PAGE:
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Iran | Death Penalty According to Shariah Law

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Chapter III of the Constitution of the Islamic Republic of Iran contains provisions related to the rights of the people.  In this Chapter, Article 22 states: “The dignity, life, property, rights, domicile, and occupations of people may not be violated, unless sanctioned by law.” However, the number of crimes punishable by death in Iran is among the highest in the world. Charges such as “adultery, incest, rape, sodomy, insulting the Prophet Mohammad and other great Prophets, possessing or selling illicit drugs, theft and alcohol consumption for the 4th time, premeditated murder, moharebeh (waging war against God), efsad-fil-arz (corruption on earth), baghy (armed rebellion), fraud and human trafficking” are capital offences.[1] Many of the charges punishable by death cannot be considered as “most serious crimes” and do not meet the ICCPR standards.[2] Murder, drug possession and trafficking, rape/sexual assault, moharebeh and efsad-fil-arz and baghy are the most common charges resulting

Federal judge: Ohio's 3-drug death penalty cocktail poses 'substantial risk of serious harm'

Midazolam
A federal magistrate judge on Thursday barred the use of a 3-drug cocktail the state of Ohio planned to use to execute death-row inmates, declaring the method the state prefers to be unconstitutional.

Magistrate Judge David Merz of Dayton also halted the executions of 3 inmates scheduled to be executed in the coming months, 2 of which came from Northeast Ohio.

Merz, in his 119-page order, ruled that there were enough problems with all 3 of the drugs Ohio intends to use in its execution protocol to warrant this disallowance. 2 states, Arizona and Florida, have discontinued the use of 1 of the drugs, named midazolam.

"The Court concludes that use of midazolam as the 1st drug in Ohio's present 3-drug protocol will create a 'substantial risk of serious harm' or an 'objectively intolerable risk of harm' as required by (Supreme Court precedent)," Merz wrote.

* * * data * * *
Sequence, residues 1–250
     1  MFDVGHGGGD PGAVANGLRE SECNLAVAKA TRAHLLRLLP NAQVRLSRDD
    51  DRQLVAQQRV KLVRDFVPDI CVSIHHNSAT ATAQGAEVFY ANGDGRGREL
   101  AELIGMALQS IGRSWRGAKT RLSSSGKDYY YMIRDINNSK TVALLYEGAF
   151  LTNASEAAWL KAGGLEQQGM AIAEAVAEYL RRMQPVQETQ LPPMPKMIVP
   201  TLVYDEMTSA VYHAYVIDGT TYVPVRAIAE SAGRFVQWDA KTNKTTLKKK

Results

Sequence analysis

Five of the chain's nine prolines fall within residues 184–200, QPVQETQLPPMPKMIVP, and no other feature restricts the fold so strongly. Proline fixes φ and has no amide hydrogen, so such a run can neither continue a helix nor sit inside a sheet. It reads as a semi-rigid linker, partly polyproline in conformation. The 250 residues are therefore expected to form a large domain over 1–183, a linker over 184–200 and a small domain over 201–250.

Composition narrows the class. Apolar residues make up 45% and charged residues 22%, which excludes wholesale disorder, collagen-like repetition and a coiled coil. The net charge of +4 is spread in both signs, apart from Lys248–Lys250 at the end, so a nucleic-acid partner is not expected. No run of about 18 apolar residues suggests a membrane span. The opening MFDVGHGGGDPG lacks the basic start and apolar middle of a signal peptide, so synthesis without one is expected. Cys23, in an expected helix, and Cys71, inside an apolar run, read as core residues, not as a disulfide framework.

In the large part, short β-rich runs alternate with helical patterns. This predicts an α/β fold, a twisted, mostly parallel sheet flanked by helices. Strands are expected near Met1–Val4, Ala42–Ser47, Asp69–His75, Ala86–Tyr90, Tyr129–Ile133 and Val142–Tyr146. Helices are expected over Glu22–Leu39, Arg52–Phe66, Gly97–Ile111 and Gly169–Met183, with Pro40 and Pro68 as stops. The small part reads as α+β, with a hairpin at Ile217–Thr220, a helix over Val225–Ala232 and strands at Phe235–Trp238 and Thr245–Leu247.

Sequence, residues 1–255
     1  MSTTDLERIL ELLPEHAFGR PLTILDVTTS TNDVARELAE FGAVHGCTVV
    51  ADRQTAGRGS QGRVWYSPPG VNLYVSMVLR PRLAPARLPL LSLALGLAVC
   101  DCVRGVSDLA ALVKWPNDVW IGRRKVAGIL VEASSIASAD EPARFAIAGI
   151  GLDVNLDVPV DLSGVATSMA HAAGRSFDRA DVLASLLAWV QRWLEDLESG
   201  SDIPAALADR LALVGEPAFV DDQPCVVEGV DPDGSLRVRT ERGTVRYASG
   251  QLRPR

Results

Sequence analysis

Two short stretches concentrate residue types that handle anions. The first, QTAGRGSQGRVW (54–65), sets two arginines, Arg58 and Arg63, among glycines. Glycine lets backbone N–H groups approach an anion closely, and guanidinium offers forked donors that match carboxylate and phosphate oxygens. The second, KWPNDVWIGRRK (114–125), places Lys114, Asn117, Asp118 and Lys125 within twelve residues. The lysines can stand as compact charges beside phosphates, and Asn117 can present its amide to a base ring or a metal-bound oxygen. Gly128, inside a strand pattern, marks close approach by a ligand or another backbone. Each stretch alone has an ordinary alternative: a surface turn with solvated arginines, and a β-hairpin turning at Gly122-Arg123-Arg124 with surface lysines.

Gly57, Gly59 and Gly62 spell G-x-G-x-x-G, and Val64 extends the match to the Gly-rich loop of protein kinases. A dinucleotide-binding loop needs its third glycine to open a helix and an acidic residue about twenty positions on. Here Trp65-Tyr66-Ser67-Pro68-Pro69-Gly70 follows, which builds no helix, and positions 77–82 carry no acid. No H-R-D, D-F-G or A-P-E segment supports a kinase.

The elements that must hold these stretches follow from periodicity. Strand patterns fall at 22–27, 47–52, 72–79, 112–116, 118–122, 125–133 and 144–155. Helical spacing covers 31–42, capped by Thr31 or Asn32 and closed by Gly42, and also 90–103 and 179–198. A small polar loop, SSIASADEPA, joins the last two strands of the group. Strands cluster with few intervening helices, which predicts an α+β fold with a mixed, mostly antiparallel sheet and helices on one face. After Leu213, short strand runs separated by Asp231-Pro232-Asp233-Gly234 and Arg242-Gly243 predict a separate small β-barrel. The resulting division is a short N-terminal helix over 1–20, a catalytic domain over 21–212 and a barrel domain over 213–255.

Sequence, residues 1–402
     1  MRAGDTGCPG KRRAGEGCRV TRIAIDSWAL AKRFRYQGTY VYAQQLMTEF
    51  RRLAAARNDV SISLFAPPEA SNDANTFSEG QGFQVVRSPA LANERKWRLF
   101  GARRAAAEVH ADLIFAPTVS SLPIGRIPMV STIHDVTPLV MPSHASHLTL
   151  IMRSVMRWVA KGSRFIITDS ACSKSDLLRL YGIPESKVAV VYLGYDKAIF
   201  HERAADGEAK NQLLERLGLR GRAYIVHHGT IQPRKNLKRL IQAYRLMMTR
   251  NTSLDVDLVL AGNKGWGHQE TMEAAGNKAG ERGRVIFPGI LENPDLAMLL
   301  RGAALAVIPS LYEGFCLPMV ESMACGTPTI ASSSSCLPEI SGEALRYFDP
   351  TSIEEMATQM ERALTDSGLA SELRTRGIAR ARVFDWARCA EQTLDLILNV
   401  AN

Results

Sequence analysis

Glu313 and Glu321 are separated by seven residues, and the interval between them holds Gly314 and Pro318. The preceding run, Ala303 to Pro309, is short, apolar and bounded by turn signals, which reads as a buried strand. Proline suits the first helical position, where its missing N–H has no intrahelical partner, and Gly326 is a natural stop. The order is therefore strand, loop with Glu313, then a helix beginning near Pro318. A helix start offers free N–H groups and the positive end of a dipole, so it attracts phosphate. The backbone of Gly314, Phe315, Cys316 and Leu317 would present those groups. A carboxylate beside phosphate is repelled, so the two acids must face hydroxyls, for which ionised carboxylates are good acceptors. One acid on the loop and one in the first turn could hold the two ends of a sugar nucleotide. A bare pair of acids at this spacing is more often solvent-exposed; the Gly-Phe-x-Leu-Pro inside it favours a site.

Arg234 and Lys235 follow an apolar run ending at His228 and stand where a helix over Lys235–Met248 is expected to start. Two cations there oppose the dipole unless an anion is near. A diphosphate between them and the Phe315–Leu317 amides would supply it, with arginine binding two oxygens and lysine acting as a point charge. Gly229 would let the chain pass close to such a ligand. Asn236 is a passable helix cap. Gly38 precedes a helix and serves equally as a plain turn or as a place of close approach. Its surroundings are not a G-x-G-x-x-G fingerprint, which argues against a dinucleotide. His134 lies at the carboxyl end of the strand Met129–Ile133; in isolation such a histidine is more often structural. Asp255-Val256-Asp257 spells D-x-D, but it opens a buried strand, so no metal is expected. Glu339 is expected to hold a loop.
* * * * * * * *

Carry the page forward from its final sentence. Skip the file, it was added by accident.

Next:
The ruling is a success for the inmates challenging Ohio's execution protocols and anti-death-penalty advocates who have sought to chip away at the state's ability to execute people since executions resumed in 1999. It may be short lived, though, as the ruling is all but guaranteed to be appealed.

A spokeswoman for Ohio Attorney General Mike DeWine's office said the office is reviewing the decision.

Ohio hasn't executed anyone since January 2014, when it took killer Dennis McGuire 25 minutes to die from a previously unused execution drug combination. McGuire was administered a cocktail that included midazolam. Witnesses said he appeared to gasp several times during his execution and made loud snorting or snoring sounds.

State officials and the courts put executions on hold until the state picked a new lethal-injection drug combination of midazolam, rocuronium bromide and potassium chloride last October. The challenge that led to Merz's ruling Thursday was also borne out of McGuire's execution.

During a hearing earlier this month, Merz heard testimony on all 3 drugs. His ruling Thursday said that the state cannot use any cocktail that contained potassium chloride or rocuronium bromide, a paralytic agent, since the state told a court in a previous proceeding that it would not use such drugs during future executions.

Those scheduled to die in the next few months included:

- Ronald Phillips, an Akron man convicted 1993 for raping his girlfriend's 3-year-old daughter and beating her to death. His execution was scheduled for Feb. 15.

- Gary Otte, an Indiana man who shot and killed 2 Parma residents during robberies in 1992. His execution was scheduled for March 15.

- Raymond Tibbetts, a Cincinnati-area man convicted in 2001 for murdering Judith Sue Crawford and Fred Hicks. His execution was scheduled for April 12.

Ohio has had trouble in recent years getting drugs to use for lethal injections in part because pharmaceutical companies don't want their products used for killing people.

In 2014, state lawmakers passed a secrecy law hoping to encourage small-scale drug manufacturers called compounding pharmacies to make its lethal-injection drugs. That law was challenged, though courts have declined to declare the law unconstitutional.

Source: cleveland.com, January 26, 2017

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